Further, the court has held that the form of the tax is not essential. It may be framed as an excise tax upon the privilege of doing business within the State, provided the exaction be not susceptible of exceeding the sum which might be levied directly on its property, and that payment be not made a condition precedent to the right to carry on the business, but that the enforcement of the tax be left to the ordinary means devised for the collection of taxes. The ascertainment of the amount, whatever the tax be called, must be made dependent in fact on the value of the corporation's property situated within the State. Postal Telegraph Cable Company v. Adams, 155 U. S. 688; Maine v. Grand Trunk Railway Company, 142 U. S. 217; New York v. Roberts, 171 U. S. 658. The tax in question is imposed in the following terms:

SECTION 75. Every foreign corporation of the classes described in section fifty-eight shall, in each year, at the time of filing its annual certificate of condition, pay to the treasurer and receiver general, for the use

of the commonwealth, an excise tax to be assessed by the tax commissioner of one hundredth of one per cent. of the par value of its authorized capital stock as stated in its annual certificate of condition; but it may deduct from such tax the amount of taxes upon property paid by it to any city or town in the commonwealth during the preceding year, and the amount of such excise tax shall not in any one year exceed the sum of two thousand dollars.

This tax is not founded in any way upon the property of the company situated in Massachusetts. It can only be regarded as an excise tax based upon the fact of doing business in the Commonwealth. Pratt v. Street Commissioners of Boston, 139 Mass. 559, 562. Like the tax held invalid in Leloup v. Mobile, 127 U. S. 640, which overruled Osborne v. Mobile, 16 Wall. 479, it affects all the property of the corporation, wherever situated. While it is far smaller in amount than a valid property tax might be, yet the mode of assessment cannot be sustained if we apply it to this corporation. The Legislature might make the tax any percentage of the capital stock it desired, and in case of ordinary foreign corporations such tax would be valid, subject only to the requirement of the Massachusetts Constitution that it be a reasonable excise. But in taxing a corporation which is engaged wholly in the business of interstate and foreign commerce, the amount of tax must be based upon the company's property subject to the jurisdiction of this Commonwealth.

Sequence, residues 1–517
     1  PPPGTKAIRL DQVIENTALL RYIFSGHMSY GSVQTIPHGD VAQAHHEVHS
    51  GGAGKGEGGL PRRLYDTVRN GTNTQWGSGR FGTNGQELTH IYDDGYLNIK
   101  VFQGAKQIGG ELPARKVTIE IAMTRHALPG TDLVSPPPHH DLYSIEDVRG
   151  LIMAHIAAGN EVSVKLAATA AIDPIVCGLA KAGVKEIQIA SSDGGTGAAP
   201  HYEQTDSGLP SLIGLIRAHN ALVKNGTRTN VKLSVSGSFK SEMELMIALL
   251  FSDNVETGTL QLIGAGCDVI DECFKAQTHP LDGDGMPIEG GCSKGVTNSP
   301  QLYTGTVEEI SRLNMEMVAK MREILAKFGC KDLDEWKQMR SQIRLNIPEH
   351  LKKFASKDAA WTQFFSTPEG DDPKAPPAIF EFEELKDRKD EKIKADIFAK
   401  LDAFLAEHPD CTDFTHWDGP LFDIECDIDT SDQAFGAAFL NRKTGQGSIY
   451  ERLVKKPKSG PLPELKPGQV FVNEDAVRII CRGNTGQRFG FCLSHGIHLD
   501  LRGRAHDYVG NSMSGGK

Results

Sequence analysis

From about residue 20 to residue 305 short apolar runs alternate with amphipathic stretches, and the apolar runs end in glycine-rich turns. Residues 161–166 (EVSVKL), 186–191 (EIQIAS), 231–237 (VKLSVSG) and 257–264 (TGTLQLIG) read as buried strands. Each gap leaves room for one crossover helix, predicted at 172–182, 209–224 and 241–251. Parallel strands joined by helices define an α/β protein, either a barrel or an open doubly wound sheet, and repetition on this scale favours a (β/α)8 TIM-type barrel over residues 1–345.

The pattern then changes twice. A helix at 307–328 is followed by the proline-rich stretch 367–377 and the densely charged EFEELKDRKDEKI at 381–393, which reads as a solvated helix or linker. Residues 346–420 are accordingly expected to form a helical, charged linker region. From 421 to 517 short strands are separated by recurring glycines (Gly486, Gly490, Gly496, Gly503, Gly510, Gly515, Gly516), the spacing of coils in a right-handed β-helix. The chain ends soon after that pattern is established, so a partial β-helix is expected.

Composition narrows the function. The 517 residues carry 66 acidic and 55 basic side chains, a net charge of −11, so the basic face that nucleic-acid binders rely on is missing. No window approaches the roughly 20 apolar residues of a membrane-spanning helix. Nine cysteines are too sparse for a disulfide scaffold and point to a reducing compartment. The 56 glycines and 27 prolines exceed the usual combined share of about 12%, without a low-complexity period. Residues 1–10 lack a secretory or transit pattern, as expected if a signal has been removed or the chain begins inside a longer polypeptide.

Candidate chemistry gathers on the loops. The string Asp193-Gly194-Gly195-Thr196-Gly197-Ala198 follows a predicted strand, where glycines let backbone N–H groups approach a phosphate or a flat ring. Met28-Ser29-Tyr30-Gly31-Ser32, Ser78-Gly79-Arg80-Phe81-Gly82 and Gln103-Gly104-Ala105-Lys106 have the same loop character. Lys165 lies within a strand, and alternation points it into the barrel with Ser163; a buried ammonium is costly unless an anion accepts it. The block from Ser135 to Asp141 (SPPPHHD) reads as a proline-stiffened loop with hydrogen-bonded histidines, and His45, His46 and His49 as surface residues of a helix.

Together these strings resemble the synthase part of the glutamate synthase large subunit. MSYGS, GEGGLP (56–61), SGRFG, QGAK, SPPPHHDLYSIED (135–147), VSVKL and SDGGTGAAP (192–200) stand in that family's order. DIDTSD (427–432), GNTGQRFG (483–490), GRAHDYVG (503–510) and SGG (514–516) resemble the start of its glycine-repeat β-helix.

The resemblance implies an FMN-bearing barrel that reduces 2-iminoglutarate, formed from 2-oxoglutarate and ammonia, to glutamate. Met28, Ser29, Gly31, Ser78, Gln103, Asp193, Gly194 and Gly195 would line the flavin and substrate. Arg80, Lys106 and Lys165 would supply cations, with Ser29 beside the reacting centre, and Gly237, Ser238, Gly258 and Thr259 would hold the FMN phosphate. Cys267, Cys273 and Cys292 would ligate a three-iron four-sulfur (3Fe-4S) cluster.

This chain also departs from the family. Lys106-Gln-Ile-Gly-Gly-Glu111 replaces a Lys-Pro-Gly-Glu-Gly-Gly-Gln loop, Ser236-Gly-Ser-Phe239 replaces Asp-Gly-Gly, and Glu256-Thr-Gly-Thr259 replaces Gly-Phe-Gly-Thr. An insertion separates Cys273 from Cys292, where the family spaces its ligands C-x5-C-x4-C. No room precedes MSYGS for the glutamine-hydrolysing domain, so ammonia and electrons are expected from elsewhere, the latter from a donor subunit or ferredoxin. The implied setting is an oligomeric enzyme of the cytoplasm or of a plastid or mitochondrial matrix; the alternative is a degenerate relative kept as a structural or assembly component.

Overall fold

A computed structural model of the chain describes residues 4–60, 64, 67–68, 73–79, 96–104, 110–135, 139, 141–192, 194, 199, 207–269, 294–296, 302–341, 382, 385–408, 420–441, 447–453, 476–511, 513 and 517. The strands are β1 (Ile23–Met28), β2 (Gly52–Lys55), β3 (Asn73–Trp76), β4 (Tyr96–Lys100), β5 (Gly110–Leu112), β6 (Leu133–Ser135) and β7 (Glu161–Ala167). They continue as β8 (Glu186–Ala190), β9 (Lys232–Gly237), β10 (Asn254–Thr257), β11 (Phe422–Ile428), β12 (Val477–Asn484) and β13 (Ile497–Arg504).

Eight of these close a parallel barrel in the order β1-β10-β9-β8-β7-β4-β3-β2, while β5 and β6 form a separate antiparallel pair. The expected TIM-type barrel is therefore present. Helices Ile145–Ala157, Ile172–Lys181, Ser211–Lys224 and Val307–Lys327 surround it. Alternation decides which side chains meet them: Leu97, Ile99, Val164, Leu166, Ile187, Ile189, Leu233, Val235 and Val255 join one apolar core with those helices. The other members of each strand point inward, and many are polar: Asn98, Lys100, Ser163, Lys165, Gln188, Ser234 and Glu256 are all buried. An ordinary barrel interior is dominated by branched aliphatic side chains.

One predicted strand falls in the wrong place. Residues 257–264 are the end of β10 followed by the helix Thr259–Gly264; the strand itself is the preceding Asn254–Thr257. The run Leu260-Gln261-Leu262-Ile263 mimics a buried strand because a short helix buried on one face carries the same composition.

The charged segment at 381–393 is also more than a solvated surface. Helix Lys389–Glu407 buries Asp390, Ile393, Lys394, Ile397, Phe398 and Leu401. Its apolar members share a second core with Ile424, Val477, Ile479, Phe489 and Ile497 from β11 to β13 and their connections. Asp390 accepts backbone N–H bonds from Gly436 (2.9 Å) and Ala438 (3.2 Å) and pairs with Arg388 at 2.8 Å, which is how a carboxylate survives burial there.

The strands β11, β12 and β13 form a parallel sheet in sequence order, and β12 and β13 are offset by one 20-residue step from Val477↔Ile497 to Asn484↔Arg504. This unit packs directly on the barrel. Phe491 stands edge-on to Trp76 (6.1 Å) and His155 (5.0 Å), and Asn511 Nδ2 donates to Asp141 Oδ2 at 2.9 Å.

I therefore advise that the tax imposed by section 75 does not apply to the company in question.

Very truly yours,

HERBERT PARKER, Attorney-General.

Corporation - Organization beyond the Limits of the Common


Persons associating together under the provisions of St. 1903, c. 437, §§ 9, 10, to form a business corporation, may not legally hold the meeting at which the organization of such corporation is to be effected beyond the jurisdiction of the Commonwealth.

APRIL 28, 1904.

Hon. WILLIAM D. T. TREFRY, Commissioner of Corporations.

DEAR SIR: In answer to your inquiry as to whether or not "the associates who form a corporation under the provisions of chapter 437 of the Acts of 1903, sections 9 and 10, may hold the meeting for organization outside the Commonwealth," I have to advise you that in my opinion such meeting may not be held beyond the limits of the Commonwealth.

The statute above referred to contains, it is true, no express

provision with regard to the place where such first meeting shall be held, but the doctrine that a corporation can have no legal existence beyond the limits of the sovereignty by which it is created is well established. See Bank of Augusta v. Earle, 13 Peters, 519. The precise issue presented by your inquiry has been passed upon in many jurisdictions, with the uniform result, that an organization effected beyond the jurisdiction of the State by virtue of whose law the incorporation is authorized has been held to be void and without effect. Miller v. Ewer, 27 Maine, 509; Smith v. Silver Valley Mining Co., 64 Maryland, 85; Camp v. Bryne, 41 Missouri, 525; and see 1 Op. Atty-Gen., 185.

This conclusion is strengthened by the provisions of St. 1903, c. 437, § 18, that the clerk of a corporation organized thereunder shall be a resident of the Commonwealth; and in section 20, that all meetings of the stockholders shall be held within its limits.